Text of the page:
We are in the midst of a golden age for #comics and #cartoons. Long overlooked as childish and simplistic, comics are finally getting the respect they deserve. From Hollywood Marvel blockbusters, to the haunting ferocity of Netflix’s Jessica Jones, to renowned literary graphic novels like The Watchmen, comics are taking center stage.
And with good reason. Yes, cartoons and comics are fun. But they also do a masterful job of combining dialogue and visuals to create a lasting impression.
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Comics’ ability to convey critical ideas in an entertaining, resonant way is just one reason why they can be so effective in marketing. At Evolved Media we’ve often relied on comics and cartoons to capture powerful marketing messages, and along with them, the interest of clients and their customers.
Why use comics and cartoons for marketing?
If Stan Lee is the Spielberg of comics, Scott McCloud is surely the Pauline Kael. McCloud is the foremost philosopher of the art, and in numerous books, he demonstrates how and why cartoons work. He constantly points to the connection between story and visual to pull the reader in.
I recently attended a lecture McCloud gave at Middlebury College, and asked him about one of the consistent frustrations we’ve experienced using comics as an explanatory medium: namely, if you want to convey complex ideas and offer a lot of context, comics and cartoons get extremely long extremely quick.
For McCloud, this is a feature of the medium, not a drawback. He told me that with comics, you have to be true to the medium, and if a topic requires hundreds of pages or frames, then that’s how many it should get. Length should not be a barrier. If you’re telling a captivating story, readers will stay with you.
But there’s the rub – for marketers, it becomes cost prohibitive to create a comic with dozens of pages. Ours have generally been around eight panels, which seems an appealing length for both our clients and their customers.
The true differentiating power of comics is the integration of visual and words. We have found you truly need both visuals and text to get the best marketing content. But it’s a delicate balance – too many visuals and you have an infographic; too much text, and you’re just reading. You don’t want to rely too much on either.
Of course, the ultimate goal is to find that happy medium, where the message is being conveyed clearly, but the cartoon is also entertaining. Obviously, this is easier said than done. You have to find the right artist and we have done just that with Terry LaBan. Terry has written a short book about how to use comics for business communication.
A World of Possibilities
It’s clear that comics have marketing value when done well. But there’s also an array of other visually compelling formats such as infographics, eBooks that you can choose from for your message, and selecting the right one is important. For now let’s stick with understanding a little more about comics.
Comic Books: Comic books for Marketing look and feel just like a traditional comic book. What’s essential is that even in a relatively short space, there is a character and story to convey the marketing message. We accomplished this well with QlikView Unleashed: A Business Discovery Odyssey. The comic helped QlikView address its challenge of being embraced and adopted by business departments without any involvement from IT.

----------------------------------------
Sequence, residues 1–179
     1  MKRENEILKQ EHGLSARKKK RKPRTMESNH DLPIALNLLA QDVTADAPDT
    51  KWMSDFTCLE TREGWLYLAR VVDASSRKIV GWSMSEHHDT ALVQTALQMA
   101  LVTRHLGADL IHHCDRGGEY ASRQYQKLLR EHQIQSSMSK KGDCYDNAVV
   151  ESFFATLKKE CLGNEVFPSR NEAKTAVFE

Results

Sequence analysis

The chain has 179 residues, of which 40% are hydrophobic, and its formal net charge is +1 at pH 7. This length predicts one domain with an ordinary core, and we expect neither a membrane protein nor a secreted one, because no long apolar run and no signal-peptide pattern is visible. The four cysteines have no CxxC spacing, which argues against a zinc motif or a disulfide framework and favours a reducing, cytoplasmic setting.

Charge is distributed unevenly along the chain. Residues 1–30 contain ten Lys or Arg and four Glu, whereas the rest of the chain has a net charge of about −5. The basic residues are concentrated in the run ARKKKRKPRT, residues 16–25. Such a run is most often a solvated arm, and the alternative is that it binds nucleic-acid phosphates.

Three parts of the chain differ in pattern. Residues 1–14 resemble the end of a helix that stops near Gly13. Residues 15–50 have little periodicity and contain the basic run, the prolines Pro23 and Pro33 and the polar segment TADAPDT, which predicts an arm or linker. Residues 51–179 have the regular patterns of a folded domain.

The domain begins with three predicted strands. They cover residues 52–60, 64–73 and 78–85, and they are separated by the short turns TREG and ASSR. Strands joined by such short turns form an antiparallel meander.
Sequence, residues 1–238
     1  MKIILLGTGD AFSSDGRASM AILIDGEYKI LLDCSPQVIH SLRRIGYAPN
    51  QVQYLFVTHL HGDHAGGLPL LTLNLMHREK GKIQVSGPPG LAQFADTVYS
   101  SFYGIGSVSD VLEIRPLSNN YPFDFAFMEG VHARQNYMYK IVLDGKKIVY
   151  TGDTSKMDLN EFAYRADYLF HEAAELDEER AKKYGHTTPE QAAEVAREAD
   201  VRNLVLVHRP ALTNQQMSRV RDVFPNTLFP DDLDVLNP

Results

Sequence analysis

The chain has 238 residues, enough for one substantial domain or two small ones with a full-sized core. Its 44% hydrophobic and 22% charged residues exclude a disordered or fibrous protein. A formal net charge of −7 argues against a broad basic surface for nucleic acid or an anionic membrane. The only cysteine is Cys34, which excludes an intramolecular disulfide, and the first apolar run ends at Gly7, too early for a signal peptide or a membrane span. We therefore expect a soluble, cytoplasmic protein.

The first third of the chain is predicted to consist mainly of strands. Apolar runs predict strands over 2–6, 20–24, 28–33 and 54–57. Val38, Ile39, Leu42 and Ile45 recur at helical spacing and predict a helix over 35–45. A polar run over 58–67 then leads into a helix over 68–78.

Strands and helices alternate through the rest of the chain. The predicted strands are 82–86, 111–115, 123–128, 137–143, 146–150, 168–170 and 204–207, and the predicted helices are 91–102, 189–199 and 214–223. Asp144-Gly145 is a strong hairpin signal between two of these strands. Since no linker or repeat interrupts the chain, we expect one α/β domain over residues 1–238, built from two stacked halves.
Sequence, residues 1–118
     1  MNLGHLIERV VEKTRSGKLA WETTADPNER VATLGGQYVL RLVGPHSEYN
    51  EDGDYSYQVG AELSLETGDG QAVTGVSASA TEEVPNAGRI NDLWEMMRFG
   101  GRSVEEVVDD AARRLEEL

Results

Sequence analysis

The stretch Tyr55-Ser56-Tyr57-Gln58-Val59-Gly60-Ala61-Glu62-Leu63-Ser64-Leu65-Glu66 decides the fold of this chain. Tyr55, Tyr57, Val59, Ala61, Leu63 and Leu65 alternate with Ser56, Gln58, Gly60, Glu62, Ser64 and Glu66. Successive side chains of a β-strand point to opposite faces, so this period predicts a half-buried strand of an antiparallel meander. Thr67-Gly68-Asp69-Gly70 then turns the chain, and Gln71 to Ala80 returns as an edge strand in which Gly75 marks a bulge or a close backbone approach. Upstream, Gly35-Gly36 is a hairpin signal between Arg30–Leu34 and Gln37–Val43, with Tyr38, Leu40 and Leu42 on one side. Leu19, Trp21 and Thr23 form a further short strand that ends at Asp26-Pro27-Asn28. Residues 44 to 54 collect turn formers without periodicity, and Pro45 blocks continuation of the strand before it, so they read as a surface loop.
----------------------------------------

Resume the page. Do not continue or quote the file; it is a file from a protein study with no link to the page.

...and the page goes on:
In the comic, we created an extraterrestrial world with the typical CEO, IT, and line of business figures. These characters, combined with a fantastical setting, helped propel the narrative forward, getting the message across in a compelling way. We also used one of QlikView’s thought leaders, Donald Farmer, and elevated him into a Yoda-like character, making the piece even funnier for its target audience.
Another example is a four-comic series we did for Intel, in which we created a super hero called Statman who helped us show the power of #big data in various industries. Again, what made this piece work was full character and story development – this wasn’t a marketing piece with pretty graphics. It was a seamless merging of story and message, and exemplifies how comics can make a marketing campaign more effective.
Cartoons and Comic Strips: Shorter form cartoons can be used to hone a marketing message. For instance, we created a presentation on open source that uses a variety of cartoon sequences to show the problems with open source when it is not fully productized. The cartoons are arrestingly simple images, used throughout the presentation. There obviously isn’t the same narrative and character development as in a comic book, but they catch the viewer in a way that few presentations achieve.
How to Create Comics that Work
Obviously, fashioning high-quality content comics is not easy. One needs to understand the subject matter and the intended message. It’s equally important to have a team with the talent to carry out the comic metaphor. We have just that at Evolved Media.
The biggest wins with comics come when you have deep respect for the message you’re sharing and the comic medium itelf. That means using the key elements of the comic form – character, story, compelling visuals – to produce something that customers actually want to read.
Become a content creation master.
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